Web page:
In the last several decades, changes such as increased globalization and rapid technological advancements have precipitated into an organizational restructuring that has
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forced those in careers studies to re-examine traditional career assumptions (Sullivan, 1999). As firms downsize and flatten managerial structures, individuals are becoming mobile, by choice or chance. The culture of work has also changed with the relative integration of women and minorities. Individuals are increasingly moving both intraorganisationally, across projects and jobs within an organization and interorganisationally, across employers and even occupations. Other traditional boundaries, like those dividing workplace from home and recreation, are also being permeated. In a modern perspective , careers are seen as a process of development of the employee through a trajectory of experiences and occupations in one or more organizations ( Rosenstein,2010).
Careers in the contemporary world tend to be associated with the professional trajectories of each individual , regardless of the education or organizations where such trajectories are developed . The modern career transcends the existence the existence of an organisation.(Balassiano & Costa,2009).
Career Anchors
Younger employees seek lateral rather than hierarchical career paths and these paths, upheld by career values or anchors, increasingly cross international borders. As never before, employees are questioning their need for job security and are seeking new definitions of organizational justice as a personal reaction to downsizing (Brockner and Greenberg, 1990; Dobbin and Boychuk, 1999; Feldman and Bolino, 2000; Fish, 1999; Greenberg, 2001). These assumptions are being challenged in today's complex world of job arrangements with highly divergent and diverse career paths (Bonner, 1997; Bridges, 1994). Early career research in the 1950s redefined "jobs" as a continuum of career experience rather than "just a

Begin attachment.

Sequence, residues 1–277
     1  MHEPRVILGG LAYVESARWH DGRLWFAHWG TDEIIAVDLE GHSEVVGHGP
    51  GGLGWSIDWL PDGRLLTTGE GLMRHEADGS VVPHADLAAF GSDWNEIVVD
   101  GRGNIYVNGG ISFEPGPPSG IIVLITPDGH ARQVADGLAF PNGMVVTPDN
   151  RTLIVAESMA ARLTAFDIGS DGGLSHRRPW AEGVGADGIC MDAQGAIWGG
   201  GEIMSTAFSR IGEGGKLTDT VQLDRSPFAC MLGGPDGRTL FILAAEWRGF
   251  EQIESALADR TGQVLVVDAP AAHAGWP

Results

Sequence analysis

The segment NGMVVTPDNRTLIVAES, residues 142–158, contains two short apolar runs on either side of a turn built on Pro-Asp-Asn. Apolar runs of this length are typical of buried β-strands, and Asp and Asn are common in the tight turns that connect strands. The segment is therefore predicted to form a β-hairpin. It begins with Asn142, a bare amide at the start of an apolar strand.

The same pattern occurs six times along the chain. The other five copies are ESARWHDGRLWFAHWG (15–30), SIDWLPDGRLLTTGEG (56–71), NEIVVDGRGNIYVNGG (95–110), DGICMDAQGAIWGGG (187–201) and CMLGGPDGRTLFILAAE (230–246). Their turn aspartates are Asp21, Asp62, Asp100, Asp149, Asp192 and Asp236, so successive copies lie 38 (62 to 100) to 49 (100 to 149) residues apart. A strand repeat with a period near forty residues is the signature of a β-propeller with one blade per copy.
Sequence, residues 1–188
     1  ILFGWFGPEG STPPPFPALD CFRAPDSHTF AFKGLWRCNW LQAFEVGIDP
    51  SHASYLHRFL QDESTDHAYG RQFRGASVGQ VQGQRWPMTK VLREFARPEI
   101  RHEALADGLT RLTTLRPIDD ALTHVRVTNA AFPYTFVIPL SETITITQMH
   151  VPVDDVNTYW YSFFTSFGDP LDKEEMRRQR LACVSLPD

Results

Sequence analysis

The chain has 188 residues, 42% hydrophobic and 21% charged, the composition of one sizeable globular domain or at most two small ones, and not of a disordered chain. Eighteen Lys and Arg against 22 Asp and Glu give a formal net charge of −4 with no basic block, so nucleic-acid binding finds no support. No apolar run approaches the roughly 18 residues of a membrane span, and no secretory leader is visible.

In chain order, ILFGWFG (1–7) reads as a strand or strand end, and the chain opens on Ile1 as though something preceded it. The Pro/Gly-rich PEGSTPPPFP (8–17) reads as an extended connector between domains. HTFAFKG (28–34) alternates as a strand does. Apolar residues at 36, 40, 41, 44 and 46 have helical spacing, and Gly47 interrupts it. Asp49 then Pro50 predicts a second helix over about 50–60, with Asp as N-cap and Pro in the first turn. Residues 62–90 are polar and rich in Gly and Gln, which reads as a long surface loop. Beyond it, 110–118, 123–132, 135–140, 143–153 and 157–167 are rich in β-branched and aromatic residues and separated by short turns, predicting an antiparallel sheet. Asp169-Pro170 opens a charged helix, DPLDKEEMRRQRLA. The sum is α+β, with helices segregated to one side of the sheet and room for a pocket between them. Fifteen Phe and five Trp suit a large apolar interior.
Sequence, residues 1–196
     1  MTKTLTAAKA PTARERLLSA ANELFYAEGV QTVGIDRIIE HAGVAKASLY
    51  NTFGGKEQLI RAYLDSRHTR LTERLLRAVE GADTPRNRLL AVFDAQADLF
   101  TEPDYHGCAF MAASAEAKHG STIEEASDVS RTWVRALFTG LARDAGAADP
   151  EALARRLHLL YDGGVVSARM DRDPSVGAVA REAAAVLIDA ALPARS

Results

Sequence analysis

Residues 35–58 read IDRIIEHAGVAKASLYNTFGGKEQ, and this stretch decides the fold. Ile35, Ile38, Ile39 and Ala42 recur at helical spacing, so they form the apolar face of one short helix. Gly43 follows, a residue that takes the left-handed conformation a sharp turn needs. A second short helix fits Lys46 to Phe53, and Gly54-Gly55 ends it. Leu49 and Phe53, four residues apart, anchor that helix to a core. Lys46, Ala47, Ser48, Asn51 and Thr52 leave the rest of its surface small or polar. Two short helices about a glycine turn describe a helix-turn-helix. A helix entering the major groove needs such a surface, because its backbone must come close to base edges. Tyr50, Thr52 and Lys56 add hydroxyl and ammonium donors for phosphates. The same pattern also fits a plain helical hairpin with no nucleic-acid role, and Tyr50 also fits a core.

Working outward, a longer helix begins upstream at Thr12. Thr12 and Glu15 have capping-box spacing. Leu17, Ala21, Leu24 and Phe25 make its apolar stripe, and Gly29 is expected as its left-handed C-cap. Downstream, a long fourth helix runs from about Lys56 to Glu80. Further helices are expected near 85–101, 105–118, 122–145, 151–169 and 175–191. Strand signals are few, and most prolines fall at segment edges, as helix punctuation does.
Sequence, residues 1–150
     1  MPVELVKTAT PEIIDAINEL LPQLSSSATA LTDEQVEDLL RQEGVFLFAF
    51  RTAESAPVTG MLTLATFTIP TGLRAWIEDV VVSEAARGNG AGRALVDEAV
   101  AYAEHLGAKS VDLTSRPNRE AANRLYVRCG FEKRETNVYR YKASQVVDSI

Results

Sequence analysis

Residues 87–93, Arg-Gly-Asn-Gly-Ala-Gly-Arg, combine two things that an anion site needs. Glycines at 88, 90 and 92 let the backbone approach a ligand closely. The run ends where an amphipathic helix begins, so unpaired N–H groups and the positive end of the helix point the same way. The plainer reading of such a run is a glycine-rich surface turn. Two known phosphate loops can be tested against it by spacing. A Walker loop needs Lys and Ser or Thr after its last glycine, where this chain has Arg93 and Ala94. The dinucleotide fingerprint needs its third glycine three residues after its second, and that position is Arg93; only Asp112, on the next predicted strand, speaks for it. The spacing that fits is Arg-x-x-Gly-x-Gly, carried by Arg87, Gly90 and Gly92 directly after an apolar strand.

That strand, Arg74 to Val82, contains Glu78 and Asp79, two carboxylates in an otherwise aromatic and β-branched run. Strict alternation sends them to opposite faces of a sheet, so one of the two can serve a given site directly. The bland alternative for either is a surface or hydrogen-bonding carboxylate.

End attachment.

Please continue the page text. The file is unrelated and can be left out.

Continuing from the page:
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job" (Miller and Form, 1951; Super, 1957). The earliest models emphasized the movement from college to stable professional employment, usually for a limited number of employers (Bridges, 1994; Schein, 1978). Holland (1973) developed the first and still most widely accepted theory related to career interests, which included elements of career congruence, consistency, and differentiation. These seminal studies lay the groundwork for Schein's (1974, 1978) development of his theory of "career anchors", exploring a broader view of careers by examining the interrelationships between individuals' career motives, talents and value.
Career Anchors Theory
Edgar Schein (1975, 1978 and 1987) suggests that the life experiences that people undergo give them a more accurate and stable ‘career-self-concept’, a construct which he labels ‘career anchor’. A career anchor has three components: (1) self-perceived talent and abilities; (2) self-perceived motives and needs; and (3) self-perceived concept attitudes and values.
The first two are based on actual experience in a work setting, while the third is derived from the individual's reaction to a variety of norms and values encountered in different social and work situations. Schein (1978) regards a career anchor as: ‘That one element in a person's self-concept, which he or she will not give up, even in the face of difficult choices (Schein, 1990).He posits that an individual's future career choices are affected as he matures and his anchor stabilizes’.